"It'll be a surprise, you never know who'll be put up, and we're having walk-ups after 5pm, so if anyone's there with a guitar, they can just get up."
Sitting among the sugarcane fields in northern New South Wales, surrounded by fertile farmland and imbued with an easy-going country town vibe, Murwillumbah seems the perfect place to hold a country music festival. And not on the scale of Gympie's annual muster, or in the vein of Tamworth's polished clique, but a more alternative version, a gritty and red-dirt version, something that celebrates Australia's affinity with the more downhome style of the music.
So thought country artist and local resident Lou Bradley, who in early October will present the inaugural Murwillumbah Country Roots Festival, set in the town's showgrounds and featuring a veritable who's who of Australian alt-country, from bigger names like Kasey Chambers and The Audreys, through to solid local acts like Guy Kachel, Round Mountain Girls and Sara Tindley.
"I think we have a lot of talent here, we don't need to search too far, there's a lot of it in our backyard."
"It's like you're doing your artist work, like you usually do, times a billion," Bradley laughs on being a promoter for the first time. "I've been busy in the country music world for a long time now, trying to pave my way as an alternate country music artist... and I've always wanted to make a festival with my favourite artists, and to just try and help make the genre stronger, to give artists who are not right in the country fold, or right in the folk fold, somewhere to play."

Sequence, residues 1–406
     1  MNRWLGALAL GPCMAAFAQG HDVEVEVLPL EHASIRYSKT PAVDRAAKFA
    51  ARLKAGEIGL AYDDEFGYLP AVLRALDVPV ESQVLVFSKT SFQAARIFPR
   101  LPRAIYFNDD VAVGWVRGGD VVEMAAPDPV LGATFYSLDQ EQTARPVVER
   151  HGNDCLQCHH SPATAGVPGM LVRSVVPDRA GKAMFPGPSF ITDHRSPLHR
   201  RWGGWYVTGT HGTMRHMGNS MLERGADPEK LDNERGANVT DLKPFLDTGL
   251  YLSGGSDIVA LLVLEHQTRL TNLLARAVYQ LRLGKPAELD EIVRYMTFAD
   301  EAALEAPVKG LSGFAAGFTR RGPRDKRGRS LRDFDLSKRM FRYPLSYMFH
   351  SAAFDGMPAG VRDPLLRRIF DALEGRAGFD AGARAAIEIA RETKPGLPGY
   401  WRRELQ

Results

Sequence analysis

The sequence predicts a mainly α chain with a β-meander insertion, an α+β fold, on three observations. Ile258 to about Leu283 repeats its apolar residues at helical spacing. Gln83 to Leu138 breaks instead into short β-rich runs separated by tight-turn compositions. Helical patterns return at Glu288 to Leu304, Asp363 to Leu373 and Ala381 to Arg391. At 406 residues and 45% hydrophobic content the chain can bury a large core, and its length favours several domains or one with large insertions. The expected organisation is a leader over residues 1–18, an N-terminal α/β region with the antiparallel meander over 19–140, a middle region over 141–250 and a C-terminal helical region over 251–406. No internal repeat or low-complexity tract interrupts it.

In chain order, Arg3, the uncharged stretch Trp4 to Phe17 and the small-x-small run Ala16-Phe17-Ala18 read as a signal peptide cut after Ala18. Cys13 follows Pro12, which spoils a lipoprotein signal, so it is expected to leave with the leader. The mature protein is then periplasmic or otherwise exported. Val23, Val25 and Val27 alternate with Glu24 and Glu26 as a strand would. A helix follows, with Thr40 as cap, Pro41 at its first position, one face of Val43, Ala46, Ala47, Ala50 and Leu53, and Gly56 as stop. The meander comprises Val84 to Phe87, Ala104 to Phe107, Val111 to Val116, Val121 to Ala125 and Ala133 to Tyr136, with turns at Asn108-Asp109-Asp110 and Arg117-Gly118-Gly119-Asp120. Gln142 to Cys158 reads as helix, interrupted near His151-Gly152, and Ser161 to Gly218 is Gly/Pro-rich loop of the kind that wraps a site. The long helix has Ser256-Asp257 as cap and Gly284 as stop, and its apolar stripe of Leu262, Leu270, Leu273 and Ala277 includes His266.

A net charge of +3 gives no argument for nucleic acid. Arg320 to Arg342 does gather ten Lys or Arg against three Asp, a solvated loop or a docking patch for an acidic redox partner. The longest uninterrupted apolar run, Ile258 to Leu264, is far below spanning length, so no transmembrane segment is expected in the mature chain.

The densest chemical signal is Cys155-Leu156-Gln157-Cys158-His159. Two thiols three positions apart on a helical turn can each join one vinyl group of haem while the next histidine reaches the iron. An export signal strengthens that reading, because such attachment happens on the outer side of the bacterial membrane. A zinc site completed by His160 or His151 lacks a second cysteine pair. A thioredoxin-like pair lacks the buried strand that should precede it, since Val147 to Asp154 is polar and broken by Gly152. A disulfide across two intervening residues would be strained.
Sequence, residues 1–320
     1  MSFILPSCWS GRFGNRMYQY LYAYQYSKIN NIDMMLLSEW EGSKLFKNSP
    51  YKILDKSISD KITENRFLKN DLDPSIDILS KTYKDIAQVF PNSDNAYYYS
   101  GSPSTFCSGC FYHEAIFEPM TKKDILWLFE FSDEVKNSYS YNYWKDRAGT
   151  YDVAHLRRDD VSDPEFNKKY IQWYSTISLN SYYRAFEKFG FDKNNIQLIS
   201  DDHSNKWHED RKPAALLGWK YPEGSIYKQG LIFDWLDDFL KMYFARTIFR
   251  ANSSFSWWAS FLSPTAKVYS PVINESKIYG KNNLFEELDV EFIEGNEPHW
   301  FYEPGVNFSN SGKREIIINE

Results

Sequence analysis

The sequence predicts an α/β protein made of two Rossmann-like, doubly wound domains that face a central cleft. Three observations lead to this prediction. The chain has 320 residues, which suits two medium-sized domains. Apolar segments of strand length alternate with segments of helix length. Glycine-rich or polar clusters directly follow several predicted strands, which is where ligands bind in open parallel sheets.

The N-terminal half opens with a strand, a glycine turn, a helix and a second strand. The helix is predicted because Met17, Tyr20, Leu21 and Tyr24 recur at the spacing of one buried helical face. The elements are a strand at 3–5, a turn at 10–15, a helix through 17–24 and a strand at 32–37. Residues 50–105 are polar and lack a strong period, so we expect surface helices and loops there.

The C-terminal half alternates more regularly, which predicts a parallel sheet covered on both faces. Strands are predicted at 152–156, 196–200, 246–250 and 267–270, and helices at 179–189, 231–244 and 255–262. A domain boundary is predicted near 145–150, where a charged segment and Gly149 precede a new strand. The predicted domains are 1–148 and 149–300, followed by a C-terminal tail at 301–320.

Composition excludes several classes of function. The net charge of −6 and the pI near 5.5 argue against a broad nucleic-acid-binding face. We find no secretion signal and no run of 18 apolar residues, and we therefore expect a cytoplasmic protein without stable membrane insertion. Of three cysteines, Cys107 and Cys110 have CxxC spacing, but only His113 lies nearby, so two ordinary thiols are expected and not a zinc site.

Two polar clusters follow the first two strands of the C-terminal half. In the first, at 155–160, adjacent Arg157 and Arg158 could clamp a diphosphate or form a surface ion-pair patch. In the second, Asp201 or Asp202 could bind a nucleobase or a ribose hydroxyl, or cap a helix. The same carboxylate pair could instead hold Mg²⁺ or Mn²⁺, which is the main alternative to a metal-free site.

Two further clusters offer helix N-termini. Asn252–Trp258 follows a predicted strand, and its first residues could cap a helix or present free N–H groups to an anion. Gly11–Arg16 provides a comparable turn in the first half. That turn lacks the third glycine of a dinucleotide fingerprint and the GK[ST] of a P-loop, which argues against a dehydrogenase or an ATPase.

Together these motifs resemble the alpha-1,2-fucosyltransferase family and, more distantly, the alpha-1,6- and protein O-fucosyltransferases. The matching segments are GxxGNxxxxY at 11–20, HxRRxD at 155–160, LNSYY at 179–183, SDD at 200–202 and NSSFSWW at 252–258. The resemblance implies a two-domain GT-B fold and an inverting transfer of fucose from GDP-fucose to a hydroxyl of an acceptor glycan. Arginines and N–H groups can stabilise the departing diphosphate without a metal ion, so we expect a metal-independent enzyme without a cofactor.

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Alternative country, or Americana as it's increasingly becoming known, has a large following in Australia, so it's no surprise that an event like this is popping up in the music-rich Northern Rivers region. The line-up is an all-Australian affair too, something Bradley considers important. "It's very important," she stresses. "I think we have a lot of talent here, we don't need to search too far, there's a lot of it in our backyard."
A recent addition to the festival, and one which points to the true downhome nature of the event, is a fourth stage, The Porch, devoted purely to busking. Artists will only be announced immediately before they play, they'll put out a hat, and away they'll go — as close to the real things as possible.
"Busking is a really important part of [music], I still busk now," Bradley explains. "It's a very confronting way to perform, and also really awesome, I love it. It'll be a surprise, you never know who'll be put up, and we're having walk-ups after 5pm, so if anyone's there with a guitar, they can just get up."
You may wonder who in their right mind would carry a guitar around all day at a festival — in this part of the world, it's par for the course; it could be hard to snag a spot.
"A success is just to get it to happen next year," Bradley says when asked what the ideal outcome is for the fledgling event. "The golden question is, how many people are we going to get, nobody knows that... but I just want it to keep going, I think it's a good little niche event that I think a lot of people are going to grow more and more fond of. So I just want to keep on doing it, keep it as grassroots and as natural as I can."